36. Strieter RM, Polverini PJ, Kunkel SL, et al. The functional role of the ELR motif in CXC chemokine-mediated angiogenesis. J Biol Chem. 1995;270(45):27348–27357. doi:10.1074/jbc.270.45.27348

37. Ning Y, Manegold PC, Hong YK, et al. Interleukin-8 is associated with proliferation, migration, angiogenesis and chemosensitivity in vitro and in vivo in colon cancer cell line models. Int J Cancer. 2011;128(9):2038–2049. doi:10.1002/ijc.25562

38. Moser B, Clark-Lewis I, Zwahlen R, Baggiolini M. Neutrophil-activating properties of the melanoma growth-stimulatory activity. J Exp Med. 1990;171(5):1797–17802. doi:10.1084/jem.171.5.1797

39. Walz A, Burgener R, Car B, Baggiolini M, Kunkel SL, Strieter RM. Structure and neutrophil-activating properties of a novel inflammatory peptide (ENA-78) with homology to interleukin 8. J Exp Med. 1991;174(6):1355–1362. doi:10.1084/jem.174.6.1355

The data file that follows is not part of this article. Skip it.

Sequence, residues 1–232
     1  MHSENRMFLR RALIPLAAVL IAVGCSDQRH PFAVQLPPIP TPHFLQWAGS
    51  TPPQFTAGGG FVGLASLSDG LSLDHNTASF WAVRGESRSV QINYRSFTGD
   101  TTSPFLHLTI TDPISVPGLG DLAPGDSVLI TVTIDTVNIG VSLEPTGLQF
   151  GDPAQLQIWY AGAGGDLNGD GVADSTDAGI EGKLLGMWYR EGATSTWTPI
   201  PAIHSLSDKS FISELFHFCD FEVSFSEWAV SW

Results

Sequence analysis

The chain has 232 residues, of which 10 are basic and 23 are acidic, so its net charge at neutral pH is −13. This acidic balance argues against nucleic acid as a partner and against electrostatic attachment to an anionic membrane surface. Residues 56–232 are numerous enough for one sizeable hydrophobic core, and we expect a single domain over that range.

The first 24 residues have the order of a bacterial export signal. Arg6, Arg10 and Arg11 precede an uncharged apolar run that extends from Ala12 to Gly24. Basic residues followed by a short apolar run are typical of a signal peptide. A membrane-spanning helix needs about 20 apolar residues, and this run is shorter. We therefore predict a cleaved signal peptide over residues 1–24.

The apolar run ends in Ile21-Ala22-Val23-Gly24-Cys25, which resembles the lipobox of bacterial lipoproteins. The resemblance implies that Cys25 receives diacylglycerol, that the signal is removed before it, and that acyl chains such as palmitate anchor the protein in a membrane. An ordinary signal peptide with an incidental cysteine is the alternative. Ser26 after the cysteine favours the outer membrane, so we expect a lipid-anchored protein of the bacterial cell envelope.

40. Wuyts A, Proost P, Lenaerts JP, Baruch A, Van Damme J, Wang JM. Differential usage of the CXC chemokine receptors 1 and 2 by interleukin-8, granulocyte chemotactic protein-2 and epithelial-cell-derived neutrophil attractant-78. Eur J Biochem. 1998;255(1):67–73. doi:10.1046/j.1432-1327.1998.2550067.x

41. Pączek S, Łukaszewicz-Zając M, Mroczko B. Chemokines-what is their role in colorectal cancer? Cancer Control. 2020;27(1):1073274820903384. doi:10.1177/1073274820903384

42. Van Damme J, Wuyts A, Froyen G, et al. Granulocyte chemotactic protein-2 and related CXC chemokines: from gene regulation to receptor usage. J Leukoc Biol. 1997;62(5):563–569. doi:10.1002/jlb.62.5.563